BEHIND EVERY PICTURE, there is a story, including stories about the images of my father and his family, above.

My uncle, Merlin Kletscher, found these two photos in the winter of 2010 while researching for a family reunion. They were tucked inside a worn copy of The Lutheran Hymnal, copyright 1941, published by Concordia Publishing House. That hymnbook belonged to my grandfather, whose name, Henry Kletscher, was inked in gold on the cover. He had taped the edges and binding of the much-used songbook.

The two photos were sandwiched between song 409, “Let Us Ever Walk with Jesus,” and song 410, “Jesus Lead Thou On.”

The latter was one of my Grandpa Henry’s favorite hymns, Uncle Merlin recalls.

“I have not found any other photos or negatives which leads me to think that these pictures were very dear to him,” my uncle says.

Now those photos are also very dear to me. When Merlin handed copies to me last summer, I teared up. Little did my father know then what horrors awaited him on the battlefields of Korea, how his life and death experiences would forever change him.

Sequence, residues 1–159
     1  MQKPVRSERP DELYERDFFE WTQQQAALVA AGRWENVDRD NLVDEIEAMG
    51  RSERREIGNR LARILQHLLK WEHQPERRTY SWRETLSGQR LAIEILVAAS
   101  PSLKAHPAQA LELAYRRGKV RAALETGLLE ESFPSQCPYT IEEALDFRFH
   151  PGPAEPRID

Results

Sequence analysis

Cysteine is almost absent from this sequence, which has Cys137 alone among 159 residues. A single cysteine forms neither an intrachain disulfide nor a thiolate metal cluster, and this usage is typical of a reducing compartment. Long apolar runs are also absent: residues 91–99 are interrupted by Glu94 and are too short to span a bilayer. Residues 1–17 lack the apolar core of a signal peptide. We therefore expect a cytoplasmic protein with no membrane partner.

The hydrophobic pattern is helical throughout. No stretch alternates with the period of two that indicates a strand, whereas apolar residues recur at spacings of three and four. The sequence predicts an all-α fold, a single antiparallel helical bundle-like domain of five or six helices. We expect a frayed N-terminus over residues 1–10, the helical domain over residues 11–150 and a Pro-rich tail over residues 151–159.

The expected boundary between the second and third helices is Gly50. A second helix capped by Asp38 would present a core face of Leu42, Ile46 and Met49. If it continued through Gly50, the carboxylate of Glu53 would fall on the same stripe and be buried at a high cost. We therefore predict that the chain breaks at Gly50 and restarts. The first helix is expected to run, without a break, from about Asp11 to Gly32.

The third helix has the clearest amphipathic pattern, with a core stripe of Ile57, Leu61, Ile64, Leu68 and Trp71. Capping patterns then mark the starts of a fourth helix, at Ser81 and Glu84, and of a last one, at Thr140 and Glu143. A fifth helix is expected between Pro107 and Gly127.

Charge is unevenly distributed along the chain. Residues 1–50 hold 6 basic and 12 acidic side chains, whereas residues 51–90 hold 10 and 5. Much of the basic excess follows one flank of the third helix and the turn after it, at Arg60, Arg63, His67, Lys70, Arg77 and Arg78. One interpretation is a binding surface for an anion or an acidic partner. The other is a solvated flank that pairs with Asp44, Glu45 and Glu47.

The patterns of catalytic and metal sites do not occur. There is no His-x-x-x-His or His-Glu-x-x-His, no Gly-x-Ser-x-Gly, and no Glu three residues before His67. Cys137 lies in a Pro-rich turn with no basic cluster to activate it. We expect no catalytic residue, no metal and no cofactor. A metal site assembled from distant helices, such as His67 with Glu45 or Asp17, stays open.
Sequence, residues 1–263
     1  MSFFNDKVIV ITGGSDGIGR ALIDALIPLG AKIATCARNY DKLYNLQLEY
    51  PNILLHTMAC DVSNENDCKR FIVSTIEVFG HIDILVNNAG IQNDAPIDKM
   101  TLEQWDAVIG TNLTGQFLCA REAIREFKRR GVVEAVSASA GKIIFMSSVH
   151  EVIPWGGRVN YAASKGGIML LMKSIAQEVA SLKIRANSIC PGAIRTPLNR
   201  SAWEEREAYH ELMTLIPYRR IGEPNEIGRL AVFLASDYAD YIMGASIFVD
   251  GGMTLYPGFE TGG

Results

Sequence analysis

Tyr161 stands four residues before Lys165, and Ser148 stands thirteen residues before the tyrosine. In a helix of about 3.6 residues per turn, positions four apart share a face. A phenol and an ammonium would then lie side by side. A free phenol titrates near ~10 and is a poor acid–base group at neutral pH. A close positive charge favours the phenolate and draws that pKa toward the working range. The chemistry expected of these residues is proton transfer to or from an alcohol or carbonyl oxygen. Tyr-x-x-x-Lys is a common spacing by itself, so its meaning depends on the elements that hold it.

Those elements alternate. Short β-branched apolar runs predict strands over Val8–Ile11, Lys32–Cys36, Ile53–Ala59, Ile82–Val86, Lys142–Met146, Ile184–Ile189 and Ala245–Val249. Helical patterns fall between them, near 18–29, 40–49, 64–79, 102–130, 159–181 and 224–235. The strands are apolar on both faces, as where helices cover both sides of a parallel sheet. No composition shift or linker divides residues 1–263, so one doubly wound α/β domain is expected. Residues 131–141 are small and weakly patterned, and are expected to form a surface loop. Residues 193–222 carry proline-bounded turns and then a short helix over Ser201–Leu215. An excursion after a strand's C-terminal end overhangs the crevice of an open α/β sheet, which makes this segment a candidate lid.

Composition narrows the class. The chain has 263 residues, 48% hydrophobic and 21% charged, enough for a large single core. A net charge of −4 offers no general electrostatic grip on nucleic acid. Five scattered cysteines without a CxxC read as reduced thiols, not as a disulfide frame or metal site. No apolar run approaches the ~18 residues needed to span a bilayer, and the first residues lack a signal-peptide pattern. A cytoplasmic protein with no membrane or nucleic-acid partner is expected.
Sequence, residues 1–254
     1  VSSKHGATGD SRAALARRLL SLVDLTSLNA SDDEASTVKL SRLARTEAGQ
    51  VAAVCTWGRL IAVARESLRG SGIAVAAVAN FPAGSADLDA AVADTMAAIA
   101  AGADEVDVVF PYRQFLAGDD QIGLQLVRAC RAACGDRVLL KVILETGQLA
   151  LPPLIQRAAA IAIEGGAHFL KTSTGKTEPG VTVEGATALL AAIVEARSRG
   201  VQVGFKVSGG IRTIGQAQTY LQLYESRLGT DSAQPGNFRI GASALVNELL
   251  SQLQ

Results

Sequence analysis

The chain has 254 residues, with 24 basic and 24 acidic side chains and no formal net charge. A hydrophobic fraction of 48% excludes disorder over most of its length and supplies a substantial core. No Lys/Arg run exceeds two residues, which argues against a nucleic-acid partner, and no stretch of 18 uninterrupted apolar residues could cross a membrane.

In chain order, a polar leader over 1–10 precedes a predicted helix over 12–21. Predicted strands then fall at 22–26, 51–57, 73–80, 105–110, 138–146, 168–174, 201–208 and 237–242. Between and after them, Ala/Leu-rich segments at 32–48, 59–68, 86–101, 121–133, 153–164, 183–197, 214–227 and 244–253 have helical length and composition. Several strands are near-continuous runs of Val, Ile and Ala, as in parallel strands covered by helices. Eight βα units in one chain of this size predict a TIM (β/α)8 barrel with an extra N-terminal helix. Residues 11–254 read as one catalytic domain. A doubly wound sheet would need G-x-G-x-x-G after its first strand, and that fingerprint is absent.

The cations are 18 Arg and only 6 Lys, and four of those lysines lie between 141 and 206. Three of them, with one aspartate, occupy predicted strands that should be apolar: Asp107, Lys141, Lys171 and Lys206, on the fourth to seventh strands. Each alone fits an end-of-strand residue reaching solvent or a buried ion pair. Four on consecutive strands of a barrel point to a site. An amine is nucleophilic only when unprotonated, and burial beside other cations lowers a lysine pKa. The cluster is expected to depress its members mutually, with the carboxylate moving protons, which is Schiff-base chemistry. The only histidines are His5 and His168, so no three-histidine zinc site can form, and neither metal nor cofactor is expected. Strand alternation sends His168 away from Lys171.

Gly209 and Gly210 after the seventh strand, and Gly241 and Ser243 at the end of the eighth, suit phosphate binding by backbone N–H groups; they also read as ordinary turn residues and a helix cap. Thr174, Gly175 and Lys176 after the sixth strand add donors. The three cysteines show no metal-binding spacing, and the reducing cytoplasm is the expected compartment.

And my heart ached for my Grandma Ida, standing there beside her soldier son. I wish I had asked her how she felt, how they all felt. Now I have only these photos to show me the close love of a family sending their boy off to war.

© Copyright 2011 Audrey Kletscher Helbling

 

 

Remembering my soldier-father and Elizabeth Taylor March 24, 2011

WHEN I HEARD the news on Wednesday of Elizabeth Taylor’s death, I didn’t think of the Hollywood star or the two-time Oscar winner, the stunning beauty with the violet eyes or the woman who married eight times, or even the starlet who struggled with addiction and was a crusader in the fight against AIDS.

Rather, I thought of my dad.

He was smitten with Liz.

He never met the Hollywood actress. But he had seen her on a United Service Organizations stage while serving during the Korean Conflict. That was enough for my Minnesota farmer turned-soldier dad to fall for her. Hard. I don’t recall him ever, in his life-time, talking about another actress. He had eyes only for Elizabeth.